53. loaded for bear.

    We’re all in there somewhere. We just have to look and listen.

  54. Hey Vern,

    I’m sorry to hear about your dad. This Christmas will be hard without him, but the holidays are also a good time to grieve.

    I lost my dad almost 4 years ago. Die Hard was a movie he and I used to watch, also.

    Feeling overwhelmed is normal. Take the time to think about him and watch your favourite movies again. Cut yourself some slack if you’re not as enthused about the all “the most wonderful time of the year” shit.

    Also, great review. Merry Christmas!

  55. Forgot to mention another great thing about DIE HARD is the use of “Christmas in Hollis”! Any movie whose opening credits are played to Run DMC is automatically awesome. At the time rap was still considered by the mainstream to be a fad and that Run DMC would be forgotten in a decade. Now less than 30 years later both the song and the movie are Christmas classics!

  56. Lawrence that’s such a wonderful little detail that when I first saw KISS KISS BANG BANG with a friend of mine who loves DIE HARD as much as we do here at outlawvern.com or as much as any reasonable human being should love it (by the fuckload of course) the first thing I turned to him to ask was “holy shit do you think Argyle’s in this?”

    Anyway my annual DH viewing is about 24 hours away but until then I think I’ll pass the time enjoying me some DIE HARD 2: DIE HARDER followed by LETHAL WEAPON. Merry Christmas to all and to all a good night!

  57. Vern, very sorry to hear about your loss. The absence never goes away, but it’s really pronounced those (these) first few months/years. You’ve probably heard this from people who know you and/or him better, but from what I do know – your reviews, your fiction, and the strength of character that shines through – I’m sure you enriched your father’s life in ways you’d never think to even suspect. Happy holidays to you and your loved ones.

  58. Here’s to you and your dad, Vern.

  59. Great piece man… And I’m really sorry for your loss.

  60. Vern, I’m sorry for your loss, I don’t even know what to say save for Merry Christmas everyone and here’s hoping we all have a good 2016.

  61. Happy holidays, Vern, and my condolences.

    It’s become a meme that “Die Hard = Best Christmas movie”… but when you think about it, it makes sense. Just like “It’s a Wonderful Life,” we see the difference that one man can make in the world, and in the lives of those he loves, by doing the right thing even when it’s difficult. Sure, “Die Hard” has more explosions, but the message is the same… and it’s an inspirational one, for the reasons you say. P.S. you have my permission to take the John McClane = George Bailey comparison and run with it.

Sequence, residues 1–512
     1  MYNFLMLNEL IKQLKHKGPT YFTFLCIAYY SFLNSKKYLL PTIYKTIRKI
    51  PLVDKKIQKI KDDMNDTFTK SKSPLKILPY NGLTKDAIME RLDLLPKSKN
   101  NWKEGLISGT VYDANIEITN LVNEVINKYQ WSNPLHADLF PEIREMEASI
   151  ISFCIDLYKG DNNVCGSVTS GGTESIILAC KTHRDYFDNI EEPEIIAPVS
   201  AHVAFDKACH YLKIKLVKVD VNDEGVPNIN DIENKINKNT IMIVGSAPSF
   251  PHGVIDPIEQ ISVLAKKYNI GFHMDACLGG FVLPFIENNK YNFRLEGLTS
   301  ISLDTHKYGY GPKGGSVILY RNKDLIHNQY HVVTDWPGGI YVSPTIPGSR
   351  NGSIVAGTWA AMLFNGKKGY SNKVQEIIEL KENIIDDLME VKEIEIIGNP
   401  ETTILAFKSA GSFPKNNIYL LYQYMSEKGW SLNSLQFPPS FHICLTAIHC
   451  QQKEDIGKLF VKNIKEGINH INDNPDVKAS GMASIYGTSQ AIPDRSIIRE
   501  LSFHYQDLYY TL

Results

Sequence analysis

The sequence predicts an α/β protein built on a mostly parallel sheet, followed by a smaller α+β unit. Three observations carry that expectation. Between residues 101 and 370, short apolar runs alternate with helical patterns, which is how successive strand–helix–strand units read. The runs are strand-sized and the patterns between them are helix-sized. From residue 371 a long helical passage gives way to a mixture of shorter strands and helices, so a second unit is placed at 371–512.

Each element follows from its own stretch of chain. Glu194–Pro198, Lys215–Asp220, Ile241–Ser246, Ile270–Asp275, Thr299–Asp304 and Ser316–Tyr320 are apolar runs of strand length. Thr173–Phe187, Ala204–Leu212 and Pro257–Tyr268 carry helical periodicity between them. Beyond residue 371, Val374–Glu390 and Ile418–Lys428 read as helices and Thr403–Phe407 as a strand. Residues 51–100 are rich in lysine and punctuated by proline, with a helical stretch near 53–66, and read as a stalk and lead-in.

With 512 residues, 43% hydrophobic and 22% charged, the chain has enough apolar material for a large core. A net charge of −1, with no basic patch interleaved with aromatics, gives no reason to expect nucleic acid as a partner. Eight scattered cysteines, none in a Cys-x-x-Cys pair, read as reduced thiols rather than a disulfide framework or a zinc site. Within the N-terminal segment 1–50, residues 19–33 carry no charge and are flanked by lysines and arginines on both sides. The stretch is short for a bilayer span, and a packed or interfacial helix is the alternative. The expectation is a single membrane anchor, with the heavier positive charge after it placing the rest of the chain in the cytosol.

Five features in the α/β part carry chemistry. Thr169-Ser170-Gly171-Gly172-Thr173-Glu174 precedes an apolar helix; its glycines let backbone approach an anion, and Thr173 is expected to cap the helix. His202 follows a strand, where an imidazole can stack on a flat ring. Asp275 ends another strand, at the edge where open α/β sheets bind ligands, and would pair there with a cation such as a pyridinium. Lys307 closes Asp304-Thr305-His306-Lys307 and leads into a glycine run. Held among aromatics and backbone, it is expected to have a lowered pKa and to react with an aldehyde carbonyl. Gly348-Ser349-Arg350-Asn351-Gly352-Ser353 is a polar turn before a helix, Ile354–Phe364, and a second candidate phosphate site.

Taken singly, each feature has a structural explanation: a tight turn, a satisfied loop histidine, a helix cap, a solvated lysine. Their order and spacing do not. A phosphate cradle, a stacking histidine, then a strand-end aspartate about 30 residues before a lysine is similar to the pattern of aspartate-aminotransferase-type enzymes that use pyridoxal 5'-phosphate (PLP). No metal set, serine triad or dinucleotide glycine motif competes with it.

62. Watched DIE HARD today. Don’t even remember for which time, but it was great as always. My dad loved it too, when he was alive. It was perhaps the last “modern” action movie he liked.

  63. Watched it. So lean and full of personality. Dope.

  64. I’m sorry for your loss , Vern , but thank you for this piece . Your words speak to me in a very powerful way , especially now , that I’m changing job and I’m trying to be exactly like your father : getting up at the crack of dawn to go to work and help my family , to basically do what I think is right for them . Every day , now , when I get up , I always think about that Roddy Piper speech in They Live about “delivering a hard day’s work”. Now I have some other inspiring words.

    Again , Thank You , Vern , my sincere condolences and keep up the always good work .

  65. Sorry for your loss, Vern. My dad is still with us, but he has gone through a number of medical scares in recent years, so this really hit home.

  66. Love this piece, Vern. Thanks for sharing it with us.

  67. Merry Christmas and Happy New Year Vern, good read.

  68. Thanks for the unexpected glimmer of insight into your life, Vern. Merry Die Hard and Happy Die Harder.

  69. I’m glad to report that my mother liked it. I don’t think I will show her any of the sequels, though. Maybe part 3, because it’s the best sequel and she likes Samuel L. Jackson, but part 2 might be too bloody for her (Yes, she is that squeamish and even in part 1 I had to tell her when to look away in certain moments) and parts 4 and 5 are shit.

  70. Hey Vern,

    Very sorry to hear about your loss.

    A lovely review. Hope 2016 is a better one for you, bud.

    J

  71. Vern, sorry for your loss and thanks again for running the best site on the net, and I mean that. This is literally the only website where I would start crying if it left, God forbid.

    Also excellent write-up on this classic – I think people these days are afraid to go deeper into movies because they don’t want to look pretentious (“turn off your brain/it ain’t Shakespeare”), or they just end up looking for shit that just isn’t there. But articles like this do it right – they get to the heart of why we love these movies so much, especially by pointing out things we don’t necessarily notice on a conscious level. And thanks for reminding us how great the Powell/McClane bromance was – they’ve given McClane a sidekick/partner in every one of these movies since (except for maybe 2 where he had alot of help, but no real partner), but they’ve never come close to the same magic that him and Powell had. I’ve seen this movie countless times yet last time I saw it I actually got misty-eyed when Powell and McClane meet. The beauty of them just KNOWING what each other looks like, and those two iconic musical cues (I think taken from the original Man on Fire and a deleted cut from Aliens) never fails to give me chills.

  72. My father slipped this mortal coil earlier this year, and I too memorialized him by re-watching a movie I had seen with him that ended up being one of my favorite film going experiences ever.